It’s true that one of the saddest sights in the world is a lifeless party struck down by under-attendance. We’ve all been there, at some point, and the sorry scene is always the same: a mostly empty room forms into a joy-sucking vacuum, where laughter feels forced and boozing looks like desperate denial. But nightlife veterans know that parties too big for their britches can be just as bad, and that even great parties will start losing their collective spirit as more and more people pack it in.
Rich Awn, the kombucha-brewing nightlife devotee behind Magick City, embraces the many benefits of throwing dance parties, live music, and other performance happenings in a remarkably small DIY “community space.”
“Seventy to 80 people is sort of the sweet spot for us,” he explained. “But it’s 70 to 80 of just, I dunno– sympathetic, radical, clued-in people. And I don’t think it’s because we’re curating the guest list.” Having such a small space tends to attract regulars, but it also seems to have a strong gravitational pull on friends– meaning, it’s unlikely you will have to suffer the awkward Tinder-date conversations of strangers and posey stink-eyed size-ups of hangers-on.
And Magick City–named after the 1966 Sun Ra album with an occultish twist– has only just started revving its engine. Awn actually first started leasing the place, located on Box Street just a few steps from the Greenpoint waterfront, as a homebase for his kombucha brewing operation, Mombucha. He transformed the greasy garage-turned-spice-packing-warehouse into a spacious industrial kitchen– but it was maybe a little too spacious. “Shit, I have all this extra room,” Rich recalled realizing. He decided to grow the space into a collective kitchen of sorts, where independent chefs and specialty food operations could not only share the equipment and cost, but exchange ideas and host meals and cookouts together.
Rich described the outcome as an “kitchen incubator,” but it’s unlike any of the much more clean-cut, straightforward incubators that have popped up all over Brooklyn in recent years– at Magick City, the kitchen is not only open and visible from the funkier venue part, but intrinsic to the party space, where a coffee bar can serve as a DJ booth and a bar. Meanwhile the kitchen houses merch tables and spillover hangouts during music get-togethers. It also feels more open and accessible than, say, the old Pfizer building in Bed-Stuy, which houses a multitude of food startups and restaurant test kitchens, but feels like you might need a special permit to get inside (you don’t). Every Friday afternoon, Magick City serves a free lunch that is open to the public. Imagine a free Hare Krishna meal, but without the Hare Krishnas.
Technically, Magick City opened its doors at the end of 2013, back when parties were once-in-a-blue-moon type affairs. But the relatively sluggish process of becoming a more active venue meant that Rich had time to piece together a party place that has soul, and much more going for it than just ad-hoc egress.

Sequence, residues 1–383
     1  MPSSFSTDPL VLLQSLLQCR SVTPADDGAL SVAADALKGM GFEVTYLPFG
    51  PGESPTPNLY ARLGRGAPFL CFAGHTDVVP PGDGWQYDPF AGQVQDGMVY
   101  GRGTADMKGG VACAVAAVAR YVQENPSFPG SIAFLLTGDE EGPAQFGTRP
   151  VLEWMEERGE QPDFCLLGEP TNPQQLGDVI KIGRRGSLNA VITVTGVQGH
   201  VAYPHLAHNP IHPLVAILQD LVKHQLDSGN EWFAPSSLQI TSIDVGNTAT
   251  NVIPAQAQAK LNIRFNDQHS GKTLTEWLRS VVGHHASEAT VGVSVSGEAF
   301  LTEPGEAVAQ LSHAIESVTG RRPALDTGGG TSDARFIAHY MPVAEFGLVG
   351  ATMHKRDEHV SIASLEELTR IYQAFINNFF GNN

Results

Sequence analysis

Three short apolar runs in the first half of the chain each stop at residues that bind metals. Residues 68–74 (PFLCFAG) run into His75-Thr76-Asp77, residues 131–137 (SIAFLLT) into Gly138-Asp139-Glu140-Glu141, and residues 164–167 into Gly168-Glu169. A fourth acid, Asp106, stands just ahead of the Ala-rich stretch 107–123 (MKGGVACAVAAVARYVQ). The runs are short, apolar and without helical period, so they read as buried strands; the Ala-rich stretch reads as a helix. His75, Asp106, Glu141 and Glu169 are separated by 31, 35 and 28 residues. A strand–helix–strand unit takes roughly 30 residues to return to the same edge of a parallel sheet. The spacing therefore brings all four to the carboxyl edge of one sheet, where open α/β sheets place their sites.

Hanging lamps bathe the place in lilac, blue, and warm yellows and orange. The wooly grey theater curtains were plucked from a school surplus store. They make for warm acoustics and a cozy, almost living-room-like atmosphere where it’s possible not only to hear a friend mid-show, but feel close to other conversations going on around you. “It’s like being inside a pair of headphones,” Rich said. The floors also feel accessible and lived-in, and when I stopped by on Saturday, guests had their shoes off and were lounging around on pillows and blankets for Record Night, a party complete with psych music and trippy visuals by a duo called Drippy Eye Projections.
Rich has managed to weave quite a bit of nightlife history into the place– thanks to the “saint efforts” of a few generous people. The broken-in wood floors are from the legendary Roseland Ballroom, and somehow Rich was able to score them on the super-cheap.
The venue’s pride and joy are looming, blockish vintage speakers that look more like midcentury furniture than the sporty sound boxes we use today. “The intimacy of this room and the intricacy of those speakers is kind of what creates the magic vibe of Magick City, in a way,” Rich said. The speakers are the same model that pumped out tunes at The Loft– what Rich referred to as his “disco church” and praised as the “inspirational spirit party” for his own venue– aka the never-ending, all inclusive party founded by the one and only David Mancuso (who passed away at age 72, last November). “That’s the great-grandfather of what happens in this room,” Rich explained.
Both The Loft’s unbreakable party and the speakers’ classic form are examples of models that “really haven’t changed that much” over time, which is a pretty accurate way to describe what Magick City aims to do. “It’s a dynamic, multipurpose, multidisciplinary, freeform studio– all those great buzzy words,” Rich said. “But there’s always something going on here, 24 hours a day. There’s people cooking here overnight, I’m in here brewing, parties go until 8 in the morning sometimes. It’s alive, Magick City is alive.”
Check out the Magick City Facebook page for upcoming parties and events, including Record Grouch karaoke (April 15), a Prince death-day tribute show (April 21), and a flash extravaganza at Tattoo to Protect the Planet (April 25).